Tuesday, August 7, 2018

Nothing Special Happening

You wait for a bit of news with most of your body tied to a plank of splintering anxiety, rigid with most of the pain concentrated in your neck and lower back. Your brain is a pile of cold, wet spaghetti. You spend the days preceding the arrival of the news in an odd semblance of routine, rinsing and repeating and polishing up the bits of every day appearances that fall here and there. But all the while there is a light and misty fog that settles over every interaction and action and everything seems distant and undefined. And you'll get intermittent spells of panic that come on like a thunderstorm in August, your thoughts kicking up the debris that you spent most of your energy trying to hide in corners and whipping it all into a frenzy of what if life changes and it is always going to be just like this all the time... never knowing, never resting, always worried, always afraid, always anticipating. 

Then you finally, finally get to the day of the news and you raise your eyes while you still hold your breath and you can see the unbelievable clarity of blue sky beyond the ceiling of the fluorescent lights in the doctor's office, the clouds parting in majesty, the whole world hearing what she just said, what you just heard. Because the news is good. The news is so fucking good you want to put it on a plate and eat all of it with your hands and lick it from your fingertips. You want to hit the rewind button and replay it over and over again.

That's the best (and most convoluted/mixed metaphor) way to explain what it's like to hear that your loved one no longer has cancer. And that happened today. And I'm sitting in my living room on a Tuesday night with nothing special happening and I've never been more grateful for that nothing special. I want to bottle this nothing and keep it close by on a shelf, on display. I need to remember that I own this memory of nothing special happening and it being the most wonderful, awe inspiring feeling possible.

I'm currently in search of a way to pay the blessings forward and I'm taking suggestions. Is there something I can help you with, friend?

Wednesday, August 1, 2018

It's Been a Minute

...or a year. Yes I realize I haven't been on here in over a year. There are a variety of reasons why, none of which seem particularly necessary to explain just now even as I sit here at my desk, thinking of something to say. I reread my previous post, dated June of 2017, wherein I said, yet again, that it had been a minute. And then it was a year's worth of minutes (525,600 plus six weeks worth of minutes) and my life got even busier than it normally gets and if you and I know each other in real life, is really quite impressive.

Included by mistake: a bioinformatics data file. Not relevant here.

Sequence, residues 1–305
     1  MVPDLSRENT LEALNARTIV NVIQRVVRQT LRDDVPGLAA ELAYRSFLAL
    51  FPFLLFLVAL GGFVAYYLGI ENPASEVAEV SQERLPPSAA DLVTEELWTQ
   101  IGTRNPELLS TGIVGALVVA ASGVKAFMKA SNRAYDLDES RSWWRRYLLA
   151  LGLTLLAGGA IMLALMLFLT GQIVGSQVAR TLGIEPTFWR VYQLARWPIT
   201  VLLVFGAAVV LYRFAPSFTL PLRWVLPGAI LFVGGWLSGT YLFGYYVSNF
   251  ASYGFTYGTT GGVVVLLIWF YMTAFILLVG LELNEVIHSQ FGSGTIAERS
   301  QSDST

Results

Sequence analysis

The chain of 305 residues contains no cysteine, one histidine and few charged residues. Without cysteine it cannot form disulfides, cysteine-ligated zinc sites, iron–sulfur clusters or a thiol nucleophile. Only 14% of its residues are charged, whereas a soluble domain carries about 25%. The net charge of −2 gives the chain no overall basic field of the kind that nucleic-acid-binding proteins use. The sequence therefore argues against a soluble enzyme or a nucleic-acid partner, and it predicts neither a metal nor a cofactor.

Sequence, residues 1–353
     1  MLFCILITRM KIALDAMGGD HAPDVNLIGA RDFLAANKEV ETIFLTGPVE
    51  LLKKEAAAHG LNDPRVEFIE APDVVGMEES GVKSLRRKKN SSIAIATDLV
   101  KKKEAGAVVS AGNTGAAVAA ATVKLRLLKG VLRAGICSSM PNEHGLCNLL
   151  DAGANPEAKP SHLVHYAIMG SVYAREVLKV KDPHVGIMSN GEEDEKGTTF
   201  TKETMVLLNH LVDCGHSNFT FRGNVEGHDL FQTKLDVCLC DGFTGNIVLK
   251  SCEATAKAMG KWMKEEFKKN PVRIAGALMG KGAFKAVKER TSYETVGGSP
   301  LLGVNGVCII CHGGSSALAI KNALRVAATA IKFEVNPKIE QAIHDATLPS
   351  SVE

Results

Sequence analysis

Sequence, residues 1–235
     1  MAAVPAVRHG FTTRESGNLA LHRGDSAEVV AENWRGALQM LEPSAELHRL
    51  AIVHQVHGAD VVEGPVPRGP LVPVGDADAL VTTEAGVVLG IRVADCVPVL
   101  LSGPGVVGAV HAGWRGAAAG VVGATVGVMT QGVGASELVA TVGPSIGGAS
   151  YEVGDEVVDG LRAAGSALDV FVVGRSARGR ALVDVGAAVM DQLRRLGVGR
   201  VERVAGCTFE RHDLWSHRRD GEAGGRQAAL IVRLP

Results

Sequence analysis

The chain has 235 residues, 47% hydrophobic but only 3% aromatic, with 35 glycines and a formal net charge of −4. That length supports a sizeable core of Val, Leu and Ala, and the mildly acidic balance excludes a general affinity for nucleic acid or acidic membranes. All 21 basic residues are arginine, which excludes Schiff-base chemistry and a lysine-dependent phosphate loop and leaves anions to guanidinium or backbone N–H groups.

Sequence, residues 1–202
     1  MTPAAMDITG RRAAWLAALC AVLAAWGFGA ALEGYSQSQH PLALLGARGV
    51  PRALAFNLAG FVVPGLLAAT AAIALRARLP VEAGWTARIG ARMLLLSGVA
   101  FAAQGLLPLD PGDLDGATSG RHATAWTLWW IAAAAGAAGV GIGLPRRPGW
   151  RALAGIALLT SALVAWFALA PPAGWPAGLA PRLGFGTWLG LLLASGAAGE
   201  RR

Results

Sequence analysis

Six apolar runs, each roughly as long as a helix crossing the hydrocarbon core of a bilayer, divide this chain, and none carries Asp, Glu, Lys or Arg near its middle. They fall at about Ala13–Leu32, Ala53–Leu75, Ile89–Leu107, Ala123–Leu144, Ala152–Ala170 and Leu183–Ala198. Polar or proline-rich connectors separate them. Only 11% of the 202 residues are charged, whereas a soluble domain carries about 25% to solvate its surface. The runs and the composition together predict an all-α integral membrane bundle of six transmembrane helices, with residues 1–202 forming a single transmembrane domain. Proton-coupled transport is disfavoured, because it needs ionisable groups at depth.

The truth is, I don't have time to update this blog. I don't have enough hours in the day to do all the things I want to do but sometime last spring I was feeling blue and I realized that I was quickly falling into my own private Idaho trap of working too much and not writing enough. And I missed jotting down whatever was going on and talking to you about it. I missed my own random recapping of things because as stupid as it is, it makes me laugh and good god I am usually flailing around in search of things to make me laugh.

And if I've learned anything from being in my forties, it is this: you have to make room for the things you love doing because if you don't, then your life will become a series of Things You Have to Do combined with Things That Are Done to You and almost nothing else. If you aren't one of the Chosen creatives who get to do what they love for a living, you have to shove the things you love to do in between all the other stuff, like its the empty middle seat on a rush hour subway.

Otherwise, you'll find yourself wandering the West Village one afternoon on your lunch break and you'll pass by that corner on 6th Ave and 8th st. where you got your first job in a bookstore in Manhattan at age 23. And that building will be an emptied out husk of what it was all those decades ago and you'll have a sharp memory of yourself, then, sitting in the basement of that building on another break, imagining what life would be like when you were older and more established. How you'd trade in your long commute up to your shared apartment in Washington Heights for two leisurely hours in the morning before your steady job with decent hours and how you'd write for one and read for the other and make time to explore your magical city. And the you of today will stand there, across from that building and sigh from the deepest part of your belly and head back to work, resolved to get some time, even if you had to press the mute button on the rest of world for just a moment in order to get it.

You don't want that to happen do you?

So that's what I'm currently doing. I'm eating watermelon on this as-hot-as-the-inside-of-a-person's-mouth August day and I'm writing about writing (or not writing) as a challenge to myself, training wheels for spending the rest of my middle age building my adulthood from the ground up, shifting things around and making room for the things that I enjoy doing.

 I might need pliers.